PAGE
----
I went a little overboard…The thing looks brand new…One hiccup on the headliner install, making them pull the rear window and redo it..They thought the carpet went right up to the rear window..Cant live with that.. (We don’t blame you!)

More photos to come. I have a pretty good collection of before during and afters..
Last item is the original wheels and white walls. We have done one for the spare for now, but will probably put some miles on these chrome moonies before changing out.

Cheers.
Ken Relethford.

Ken Relethford's '67 Beetle

Dave Fennell’s — L639 Zenith Blue ’67 Beetle

unnamed-4

Such a great story. Slowly, we are connecting ’67 Beetle owners all over the world. A big thanks to Jay Salser for his edits and being such a huge part of what makes 1967beetle.com a fun place to come to work everyday. -ES

My first exposure to Beetles was when my uncle returned from a military assignment in Germany in the early ‘60s. He brought a Beetle back with him, probably around a ’62 Model and in red. I saw it when he drove it from Northern Alberta, Canada, to Southern Ontario, with kids, dog and camping trailer in tow. It was a real revelation to me, as my family were always owners of North American cars. Here was a simple, well engineered, air-cooled, economical and durable vehicle. I think that it was then that I decided that I would own one.
I owned a couple of motorcycles as a teenager, which certainly were fun, but somewhat limiting. I convinced my mother that we should share a Beetle, so we bought a well-used ‘65 model from the local Cadillac dealership. That’s when I found out about link pins and the maintenance they entailed. I had done most of my own servicing on the motorcycles, so learning VW maintenance and repair was a logical progression.

Shortly after that, I went off to University out of town, finding that motorcycles and Canada don’t work well in our winters. So…after my first summer of working, I was on the hunt for my own car, and, of course, a Beetle was the logical choice. It had to be a used one–I couldn’t afford a new one.

I found one at a local Volvo dealership. It appeared to be in nice shape, one fender had been repaired, but overall, it was sound. I called the dealer first thing Monday to ask about it. They had planned not to sell it, but rather to wholesale it since it wasn’t a product they felt like selling retail. However, the salesman said that he would talk to the Manager and get back to me. I got a call later saying that for $1300 it would be mine! It was, of course, a ’67, a Savannah Beige, Deluxe Model, with about 20,000 miles on it, a gas heater and a beautiful Blaupunkt AM/FM/Shortwave radio in it….a real upgrade from the standard unit.

I drove it about 100,000 miles over several years, and I only had a couple of minor issues on the road with it. Once when returning from school to home, the engine started cutting out. I pulled into a service station, let it cool a bit then removed a big chunk of dirt from the main jet. The other time was a failed voltage regulator. The original regulators were mechanical, so I took it apart, cleaned the fused points and returned it to service where it stayed until I traded it in.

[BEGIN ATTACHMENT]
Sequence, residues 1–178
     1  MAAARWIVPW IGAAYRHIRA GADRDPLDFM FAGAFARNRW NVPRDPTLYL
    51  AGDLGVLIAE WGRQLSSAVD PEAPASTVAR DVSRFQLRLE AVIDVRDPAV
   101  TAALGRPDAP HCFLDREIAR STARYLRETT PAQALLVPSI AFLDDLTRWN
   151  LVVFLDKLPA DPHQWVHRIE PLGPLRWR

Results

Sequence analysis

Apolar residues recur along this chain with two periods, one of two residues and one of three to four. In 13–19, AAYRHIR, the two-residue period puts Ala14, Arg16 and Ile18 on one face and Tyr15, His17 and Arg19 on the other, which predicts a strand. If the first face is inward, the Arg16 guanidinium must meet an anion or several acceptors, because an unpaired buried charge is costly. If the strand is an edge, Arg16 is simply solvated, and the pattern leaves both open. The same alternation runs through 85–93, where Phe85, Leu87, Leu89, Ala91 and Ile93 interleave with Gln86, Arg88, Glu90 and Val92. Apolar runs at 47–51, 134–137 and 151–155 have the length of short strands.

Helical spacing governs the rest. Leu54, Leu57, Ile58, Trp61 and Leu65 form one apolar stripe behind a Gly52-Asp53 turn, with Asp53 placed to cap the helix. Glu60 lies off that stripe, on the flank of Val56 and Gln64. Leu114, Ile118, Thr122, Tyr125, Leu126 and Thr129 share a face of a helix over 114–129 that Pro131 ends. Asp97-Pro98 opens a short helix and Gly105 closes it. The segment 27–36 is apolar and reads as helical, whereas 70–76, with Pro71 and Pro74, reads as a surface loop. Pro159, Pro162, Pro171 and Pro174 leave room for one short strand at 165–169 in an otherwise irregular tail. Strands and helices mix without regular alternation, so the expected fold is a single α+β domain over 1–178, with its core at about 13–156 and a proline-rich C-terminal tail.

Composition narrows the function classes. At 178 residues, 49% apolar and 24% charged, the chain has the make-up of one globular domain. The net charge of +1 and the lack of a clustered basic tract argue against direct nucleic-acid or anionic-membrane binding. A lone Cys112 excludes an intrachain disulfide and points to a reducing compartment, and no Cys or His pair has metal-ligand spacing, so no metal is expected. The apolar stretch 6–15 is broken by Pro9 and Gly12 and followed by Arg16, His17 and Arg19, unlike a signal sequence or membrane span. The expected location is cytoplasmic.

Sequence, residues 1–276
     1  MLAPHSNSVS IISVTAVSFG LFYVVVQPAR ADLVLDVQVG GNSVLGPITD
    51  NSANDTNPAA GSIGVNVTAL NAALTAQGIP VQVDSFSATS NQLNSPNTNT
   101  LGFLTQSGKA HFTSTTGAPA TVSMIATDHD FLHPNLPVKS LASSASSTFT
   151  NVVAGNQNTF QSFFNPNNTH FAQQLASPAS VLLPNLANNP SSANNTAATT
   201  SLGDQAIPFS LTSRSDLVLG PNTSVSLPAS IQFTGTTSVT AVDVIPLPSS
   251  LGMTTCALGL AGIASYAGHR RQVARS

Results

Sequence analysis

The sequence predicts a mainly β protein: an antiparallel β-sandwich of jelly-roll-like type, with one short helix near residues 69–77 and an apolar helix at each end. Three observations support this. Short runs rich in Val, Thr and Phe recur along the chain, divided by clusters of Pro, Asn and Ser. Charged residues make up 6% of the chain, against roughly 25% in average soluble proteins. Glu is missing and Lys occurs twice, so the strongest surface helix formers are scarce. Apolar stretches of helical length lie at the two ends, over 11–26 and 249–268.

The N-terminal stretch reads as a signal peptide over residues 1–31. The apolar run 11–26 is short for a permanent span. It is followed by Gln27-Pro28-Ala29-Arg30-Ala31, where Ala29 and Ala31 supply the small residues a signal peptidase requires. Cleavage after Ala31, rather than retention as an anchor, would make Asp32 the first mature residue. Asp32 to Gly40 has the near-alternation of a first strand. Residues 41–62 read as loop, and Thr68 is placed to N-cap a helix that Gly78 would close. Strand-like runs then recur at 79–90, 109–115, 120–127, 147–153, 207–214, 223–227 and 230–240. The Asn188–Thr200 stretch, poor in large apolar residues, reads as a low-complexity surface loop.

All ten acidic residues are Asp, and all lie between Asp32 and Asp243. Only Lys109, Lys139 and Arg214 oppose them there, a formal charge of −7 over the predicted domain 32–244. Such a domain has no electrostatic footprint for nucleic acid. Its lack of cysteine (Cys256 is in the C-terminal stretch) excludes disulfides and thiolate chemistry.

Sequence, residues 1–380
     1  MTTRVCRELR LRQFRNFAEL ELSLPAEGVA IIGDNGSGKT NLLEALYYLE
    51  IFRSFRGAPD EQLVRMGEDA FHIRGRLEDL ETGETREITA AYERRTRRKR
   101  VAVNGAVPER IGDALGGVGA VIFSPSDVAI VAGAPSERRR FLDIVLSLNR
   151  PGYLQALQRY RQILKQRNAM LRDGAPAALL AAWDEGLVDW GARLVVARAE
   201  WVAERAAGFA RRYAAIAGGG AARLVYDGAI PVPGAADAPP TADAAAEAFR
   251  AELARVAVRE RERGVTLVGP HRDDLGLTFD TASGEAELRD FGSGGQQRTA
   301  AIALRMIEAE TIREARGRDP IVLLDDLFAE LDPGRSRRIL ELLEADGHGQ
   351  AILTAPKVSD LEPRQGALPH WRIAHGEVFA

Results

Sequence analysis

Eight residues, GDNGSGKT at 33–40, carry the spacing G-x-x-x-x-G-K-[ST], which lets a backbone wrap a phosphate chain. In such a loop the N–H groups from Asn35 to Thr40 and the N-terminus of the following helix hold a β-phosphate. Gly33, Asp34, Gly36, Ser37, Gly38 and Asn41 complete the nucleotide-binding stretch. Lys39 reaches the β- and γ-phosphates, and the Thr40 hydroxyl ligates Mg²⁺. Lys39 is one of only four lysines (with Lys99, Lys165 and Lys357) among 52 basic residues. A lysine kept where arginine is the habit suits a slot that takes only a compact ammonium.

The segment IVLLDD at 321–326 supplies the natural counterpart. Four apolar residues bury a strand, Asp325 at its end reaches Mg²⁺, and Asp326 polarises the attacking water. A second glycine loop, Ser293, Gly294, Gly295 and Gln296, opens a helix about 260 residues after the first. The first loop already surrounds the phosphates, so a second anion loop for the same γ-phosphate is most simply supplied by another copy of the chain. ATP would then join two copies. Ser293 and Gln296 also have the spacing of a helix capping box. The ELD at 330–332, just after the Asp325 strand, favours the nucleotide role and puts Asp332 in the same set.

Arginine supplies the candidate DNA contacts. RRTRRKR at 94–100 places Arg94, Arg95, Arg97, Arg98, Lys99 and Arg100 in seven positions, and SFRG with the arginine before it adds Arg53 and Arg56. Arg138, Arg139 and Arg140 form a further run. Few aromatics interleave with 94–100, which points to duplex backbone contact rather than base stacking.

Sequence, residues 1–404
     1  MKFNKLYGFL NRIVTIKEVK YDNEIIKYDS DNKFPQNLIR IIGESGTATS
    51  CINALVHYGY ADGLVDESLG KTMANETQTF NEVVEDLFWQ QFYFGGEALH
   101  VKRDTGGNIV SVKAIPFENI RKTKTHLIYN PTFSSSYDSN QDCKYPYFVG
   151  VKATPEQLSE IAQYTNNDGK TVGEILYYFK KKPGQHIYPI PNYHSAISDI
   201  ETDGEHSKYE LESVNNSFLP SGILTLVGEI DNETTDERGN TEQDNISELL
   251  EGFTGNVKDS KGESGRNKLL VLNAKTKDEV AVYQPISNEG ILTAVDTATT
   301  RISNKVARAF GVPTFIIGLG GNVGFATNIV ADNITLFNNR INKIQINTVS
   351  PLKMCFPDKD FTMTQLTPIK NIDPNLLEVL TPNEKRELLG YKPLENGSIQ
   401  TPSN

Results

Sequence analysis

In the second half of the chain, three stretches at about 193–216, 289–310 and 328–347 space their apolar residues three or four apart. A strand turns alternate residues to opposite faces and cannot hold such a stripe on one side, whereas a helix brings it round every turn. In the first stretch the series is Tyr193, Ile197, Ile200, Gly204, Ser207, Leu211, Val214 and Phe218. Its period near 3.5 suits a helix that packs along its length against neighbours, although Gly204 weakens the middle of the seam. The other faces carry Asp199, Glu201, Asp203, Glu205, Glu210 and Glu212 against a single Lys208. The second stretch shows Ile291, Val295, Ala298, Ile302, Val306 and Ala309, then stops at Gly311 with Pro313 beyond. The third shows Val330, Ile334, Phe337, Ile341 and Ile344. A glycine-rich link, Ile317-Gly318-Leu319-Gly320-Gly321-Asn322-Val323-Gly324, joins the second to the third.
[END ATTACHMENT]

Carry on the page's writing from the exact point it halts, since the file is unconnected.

It took me on several trips, including an epic journey from Southern Ontario to Vancouver Island–my first trip west of Ontario, with only one oil change required. It also took four guys from University to Boston for a whirlwind two-day trip….cozy, but it worked. My brother and I also took it to the Maritimes. En route, we had a flat tire. We pulled over, both of us jumped out, hood up, wheel swapped, hubcap popped on and back into the car in record time. We started to drive off and it felt
funny, so I turned to my brother, and asked if he had tightened the wheel bolts, and he said he thought I had done it! I quickly pulled over, just as the wheel parted company from the brake drum. Fortunately all of the wheel bolts were found inside the hubcap! One of my epic maintenance fails.

This first encounter with Beetles converted my family to the point that my sister and brother also owned Beetles, and my mom replaced the white ‘65 with a SunBug Beetle, a gold-painted version from the early ‘70s with a sunroof.

NO Longer FOR SALE — L639 Zenith Blue ’67 Beetle

167942-1

Fresh to the market here at 1967beetle.com; we have an amazing L639 Zenith Blue ’67 Beetle for sale. The seller has included a lot of great information. I love seeing ’67 Beetles that are mostly correct and untouched. As you know, many of the one year only parts are very hard to find. I know from my own restoration that it took well over 10 years to find them all. What do you guys think? Who’s going to make an offer on this gem?

72,362 actual original miles!
2 owner Beetle (1st owner 67-2000, 2nd owner 2000-present)
Multiple show winner
1967 voted by VW collectors as the best year for Beetles
Original purchase order new from VW Southeast Distributors, Inc. Jacksonville FL
Resided with the same original owners for 33 years
Extensive collection of documents, articles and photographs
4-speed manual transmission

Status: N/A
Mileage: 72,362
Location: Saint Louis, Missouri
Price: Bidding on eBay
Contact: 636-600-4600